Word on the street is Fox Business News will soon be sold to the Cartoon Network.

    4. Snickersz
      August 30, 2013 10:30 pm at 10:30 pm

      The question I have is: How do these ratings compare with ratings in previous summers?

      • oldnymark
        August 31, 2013 7:50 am at 7:50 am

        According to Nielsen data covering July, in CNBC’s
        prime 25-54 demographic, viewership was down to a fresh 20 year low
        of just 37,000, the lowest since March of 1993. If you look at year/year summer comps you see Fast Money down 32%, Mad Money down 42% and Kudlow down 52%. These shows had their lowest ratings ever for the all viewers category this August.

        • Snickersz
          August 31, 2013 1:55 pm at 1:55 pm

          Thanks for the info. I particularly like Kudlow’s program for his wrap up of the day’s business news as well as the political currents that affect everything.

    5. Earl Alexander Birkett
      August 30, 2013 8:37 pm at 8:37 pm

      Financial news is much like tv news as a whole, shallow and built around the commercials and stock hustlers. And we are in a Fed-driven bubble market, not a bull market. Enjoy it while it lasts, because it never does.

    6. Matt
      August 30, 2013 10:23 am at 10:23 am

      Ratings were very high during the financial crisis and that was bullish. Now the ratings are very low and that’s bullish, too? Seems like you can spin this as bullish all the time.

      • Ryan Detrick, CMT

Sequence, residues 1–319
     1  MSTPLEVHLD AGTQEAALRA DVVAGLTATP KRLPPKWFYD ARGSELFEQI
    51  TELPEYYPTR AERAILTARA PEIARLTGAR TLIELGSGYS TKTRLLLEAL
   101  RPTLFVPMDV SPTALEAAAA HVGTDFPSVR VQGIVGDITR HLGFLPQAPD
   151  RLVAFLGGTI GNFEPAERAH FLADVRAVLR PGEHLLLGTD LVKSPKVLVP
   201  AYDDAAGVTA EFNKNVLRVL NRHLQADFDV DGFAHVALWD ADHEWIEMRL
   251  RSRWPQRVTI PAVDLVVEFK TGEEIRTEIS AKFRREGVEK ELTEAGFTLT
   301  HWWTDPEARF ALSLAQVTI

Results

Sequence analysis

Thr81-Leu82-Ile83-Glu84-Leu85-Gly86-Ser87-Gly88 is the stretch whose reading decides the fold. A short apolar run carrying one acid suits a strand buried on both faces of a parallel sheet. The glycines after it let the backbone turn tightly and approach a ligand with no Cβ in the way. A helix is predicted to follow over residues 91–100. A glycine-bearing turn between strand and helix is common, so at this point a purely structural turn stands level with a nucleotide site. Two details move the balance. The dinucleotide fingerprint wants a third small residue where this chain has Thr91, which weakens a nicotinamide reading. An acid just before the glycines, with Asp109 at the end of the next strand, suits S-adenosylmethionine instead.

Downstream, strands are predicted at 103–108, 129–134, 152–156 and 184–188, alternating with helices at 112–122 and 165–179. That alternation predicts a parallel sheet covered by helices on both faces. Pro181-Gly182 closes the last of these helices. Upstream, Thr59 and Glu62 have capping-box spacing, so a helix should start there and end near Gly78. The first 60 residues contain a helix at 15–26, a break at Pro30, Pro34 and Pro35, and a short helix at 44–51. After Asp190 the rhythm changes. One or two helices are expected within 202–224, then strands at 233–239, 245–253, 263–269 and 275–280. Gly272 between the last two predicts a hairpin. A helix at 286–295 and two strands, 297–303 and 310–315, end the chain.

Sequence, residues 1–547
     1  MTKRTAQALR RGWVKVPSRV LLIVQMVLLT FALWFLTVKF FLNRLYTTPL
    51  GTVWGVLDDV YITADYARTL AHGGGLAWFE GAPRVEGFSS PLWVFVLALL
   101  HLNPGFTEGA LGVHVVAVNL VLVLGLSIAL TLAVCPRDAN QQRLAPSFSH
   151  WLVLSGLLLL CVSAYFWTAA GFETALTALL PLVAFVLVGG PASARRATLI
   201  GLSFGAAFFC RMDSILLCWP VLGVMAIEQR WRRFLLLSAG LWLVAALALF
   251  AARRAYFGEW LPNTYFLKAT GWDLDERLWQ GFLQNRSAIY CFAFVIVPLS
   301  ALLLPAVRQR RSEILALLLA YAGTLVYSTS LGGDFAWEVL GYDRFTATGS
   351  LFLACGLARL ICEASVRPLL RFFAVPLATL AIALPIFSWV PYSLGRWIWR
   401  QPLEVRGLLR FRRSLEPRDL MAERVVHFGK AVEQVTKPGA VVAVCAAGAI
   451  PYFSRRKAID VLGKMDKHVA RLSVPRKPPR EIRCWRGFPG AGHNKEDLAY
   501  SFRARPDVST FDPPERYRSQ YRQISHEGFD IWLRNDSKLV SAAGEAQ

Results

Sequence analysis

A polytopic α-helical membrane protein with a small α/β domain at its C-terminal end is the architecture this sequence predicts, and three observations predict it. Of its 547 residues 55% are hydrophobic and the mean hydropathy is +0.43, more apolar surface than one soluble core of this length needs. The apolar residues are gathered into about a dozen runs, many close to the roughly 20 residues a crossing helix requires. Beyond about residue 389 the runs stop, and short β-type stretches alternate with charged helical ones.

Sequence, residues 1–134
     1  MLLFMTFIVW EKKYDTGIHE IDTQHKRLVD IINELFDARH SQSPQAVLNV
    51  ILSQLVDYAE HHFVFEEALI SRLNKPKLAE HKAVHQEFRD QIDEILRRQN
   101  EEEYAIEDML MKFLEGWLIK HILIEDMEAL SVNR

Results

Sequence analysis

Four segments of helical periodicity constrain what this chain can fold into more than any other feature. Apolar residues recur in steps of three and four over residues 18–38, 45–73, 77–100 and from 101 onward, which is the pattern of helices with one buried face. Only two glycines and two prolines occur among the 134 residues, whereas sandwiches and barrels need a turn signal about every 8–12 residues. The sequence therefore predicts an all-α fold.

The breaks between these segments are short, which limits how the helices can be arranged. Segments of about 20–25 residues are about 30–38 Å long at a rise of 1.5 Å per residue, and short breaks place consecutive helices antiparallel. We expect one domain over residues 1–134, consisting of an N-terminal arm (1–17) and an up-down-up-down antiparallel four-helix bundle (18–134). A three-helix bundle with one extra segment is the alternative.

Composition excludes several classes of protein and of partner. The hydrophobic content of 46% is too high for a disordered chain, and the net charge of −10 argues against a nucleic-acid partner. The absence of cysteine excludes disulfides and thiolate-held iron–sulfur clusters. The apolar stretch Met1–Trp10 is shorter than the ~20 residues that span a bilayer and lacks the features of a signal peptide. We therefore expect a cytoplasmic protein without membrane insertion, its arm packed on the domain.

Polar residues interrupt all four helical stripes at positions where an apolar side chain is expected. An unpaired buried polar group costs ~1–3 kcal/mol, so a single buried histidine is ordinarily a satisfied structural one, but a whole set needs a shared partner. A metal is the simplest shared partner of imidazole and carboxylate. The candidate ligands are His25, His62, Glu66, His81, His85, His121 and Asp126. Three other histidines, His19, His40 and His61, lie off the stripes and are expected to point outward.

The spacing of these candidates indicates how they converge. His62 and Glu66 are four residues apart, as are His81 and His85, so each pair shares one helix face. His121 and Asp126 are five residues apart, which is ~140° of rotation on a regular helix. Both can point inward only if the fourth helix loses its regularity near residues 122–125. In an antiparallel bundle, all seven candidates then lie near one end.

August 30, 2013 4:52 pm at 4:52 pm

        Hi Matt,
        Ratings were definitely high near the lows, you are right. From our point of view that makes sense. A major market crash will get people interested.

        Bigger picture, the lack of most investors noticing the current bull market is what we find bullish. The CNBC ratings are just another example of that.

        Thanks for the comments.

    7. Patrick Sheehan
      August 29, 2013 6:22 pm at 6:22 pm

      I wouldn’t read that much into it…the shows and aside from interviews, all of cnbc are nearly unwatchable. 4 cnbc commentators shouting above each other isn’t serious financial news. Having so and so from the CBT telling us about technicals is not worth watching…..I could go on, but you get my drift. I often watch with the sound off…unless I see an interesting interview taking place. And even then….the host is likely to monopolize the interview…..I always end up disappointed.

      • oldnymark
        August 29, 2013 6:53 pm at 6:53 pm

        I agree. Joe Kernan is just a right-wing ignoramus who belongs on Fox & Friends to spout his nonsense not on a business channel. Ranting Santelli needs to go on medication and then spend a decade or two in deep contemplation about why everything he’s predicted for the last 4 years has turned out to be wrong. Cramer runs a clown show that is simply dangerous. Becky “Oh Warren, let me stroke you some more” Quick is anything but. Yes, completely unwatchable.

        • 1952rmdg
          August 30, 2013 6:42 pm at 6:42 pm

          You forgot Andrew Ross Sorkin, the defender of the 1%’s nepotism, who is one their beneficiaries.